Is Gluten Free Flour Paleo?

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The current popularity of gluten-free diets including the Paleo diet has created demand for gluten-free flours. These products are sold as single ingredient flours or as blends of several flours some of which contain additional ingredients such as sugar and milk powder. Clearly, just because it’s gluten-free doesn’t mean its Paleo! How do you know which gluten-free flours are Paleo and which are not? Keep reading to find out.

Nutritional Value of Gluten-Free Flour

Let’s start with gluten-free flour blends which generally combine varying amounts of grains, legumes, tubors and sometimes, additional ingredients. For comparison, lets take a look at Bob’s Red Mill, Gluten Free All Purpose Baking Flour, and Cup 4 Cup Gluten Free Flour.

Bob’s Red Mill, All Purpose Baking Flour, Gluten Free

Ingredients: Garbanzo Bean Flour, Potato Starch, Tapioca Flour, White Sorghum Flour, Fava Bean Flour

Serving Size: ¼ cup

  • Calories: 100
  • Total Fat: 1g
  • Saturated Fat: 0g
  • Trans Fat: 0g
  • Cholesterol 0mg
  • Sodium: 0mg
  • Total Carbohydrate: 22g
  • Fiber: 3g
  • Protein: 3g

Cup 4 Cup Gluten Free Flour

Ingredients: Cornstarch, white rice flour, brown rice flour, milk powder, tapioca flour, potato starch, xanthan gum

Serving Size: ¼ cup

  • Calories: 120
  • Total Fat: 0g
  • Saturated Fat: 0g
  • Trans Fat: 0g
  • Cholesterol: 0mg
  • Sodium: 15mg
  • Total Carbohydrate: 26mg
  • Fiber: 0g
  • Protein: 2g

As you can see, the nutritional values are similar and neither Bob’s Red Mill nor Cup 4 Cup’s gluten-free flours are Paleo as they contain legumes, as well as grains and dairy respectively. Now let’s take a look at two single ingredient gluten-free flours; Bob’s Red Mill All Natural Arrowroot Starch/Flour and Tropical Traditions Organic Coconut Flour.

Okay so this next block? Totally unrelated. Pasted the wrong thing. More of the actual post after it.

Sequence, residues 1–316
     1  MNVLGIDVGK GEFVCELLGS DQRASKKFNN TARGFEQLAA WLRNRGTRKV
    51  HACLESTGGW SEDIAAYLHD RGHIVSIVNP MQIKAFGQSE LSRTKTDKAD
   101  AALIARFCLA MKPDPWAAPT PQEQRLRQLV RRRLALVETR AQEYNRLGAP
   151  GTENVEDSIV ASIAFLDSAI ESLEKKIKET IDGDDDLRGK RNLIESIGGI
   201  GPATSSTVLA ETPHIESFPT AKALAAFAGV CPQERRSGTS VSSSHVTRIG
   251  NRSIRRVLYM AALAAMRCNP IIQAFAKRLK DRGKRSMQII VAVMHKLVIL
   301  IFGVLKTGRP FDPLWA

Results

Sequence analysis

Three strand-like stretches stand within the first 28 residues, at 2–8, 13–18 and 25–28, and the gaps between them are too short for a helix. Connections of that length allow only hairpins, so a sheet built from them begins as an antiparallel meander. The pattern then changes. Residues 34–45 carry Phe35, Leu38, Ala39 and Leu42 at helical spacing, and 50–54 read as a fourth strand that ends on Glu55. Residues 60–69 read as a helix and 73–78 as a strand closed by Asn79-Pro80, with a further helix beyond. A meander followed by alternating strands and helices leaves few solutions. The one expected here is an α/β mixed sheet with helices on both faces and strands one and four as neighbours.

Bob’s Red Mill All Natural Arrowroot Starch/Flour

Ingredients: arrowroot starch

Serving size: ¼ cup

  • Calories: 110
  • Total Fat: 0g
  • Saturated Fat: 0g
  • Trans Fat: 0g
  • Cholesterol: 0g
  • Sodium: 0mg
  • Carbohydrate: 28g
  • Fiber: 1g
  • Protein: 0g

Tropical Traditions Organic Coconut Flour

Ingredients: Organic coconut

Serving size: ¼ cup (values have been converted from the 100g serving size listed on the package)

  • Calories: 140
  • Total Fat: 4g
  • Saturated Fat: 3g
  • Trans Fat: 0g
  • Cholesterol: 0mg
  • Sodium: 30mg
  • Carbohydrate: 22g
  • Fiber: 13g
  • Protein: 7g

Although the nutrient values are strikingly different due to the fact that these flours are from very different sources (arrowroot flour is from a root and coconut flour is from a drupe) both of these flours are Paleo because they are free of grains, legumes, dairy and other adulterations.  Tropical Traditions Coconut flour doesn’t carry the gluten-free claim on its label but it doesn’t need to because the only ingredient is coconut and coconuts do not contain gluten.

Health Benefits of Gluten-Free Flour

Gluten is a protein that gives bread and baked products their springy, pliant consistency. It’s found in wheat, including kamut, spelt, and graham flour, as well as rye, barley, and triticale, a hybrid of wheat and rye. Other grains such as oats are often contaminated with gluten. Unfortunately, gluten is a problematic protein for many of us. It’s estimated that 1 in 133 people has celiac disease that results when the immune system forms antibodies to gluten and then attacks the intestinal lining. Many more people have autoimmune diseases that are likely related to gluten sensitivity such as multiple sclerosis, rheumatoid arthritis, and Hashimoto’s Thyroiditis to name a few.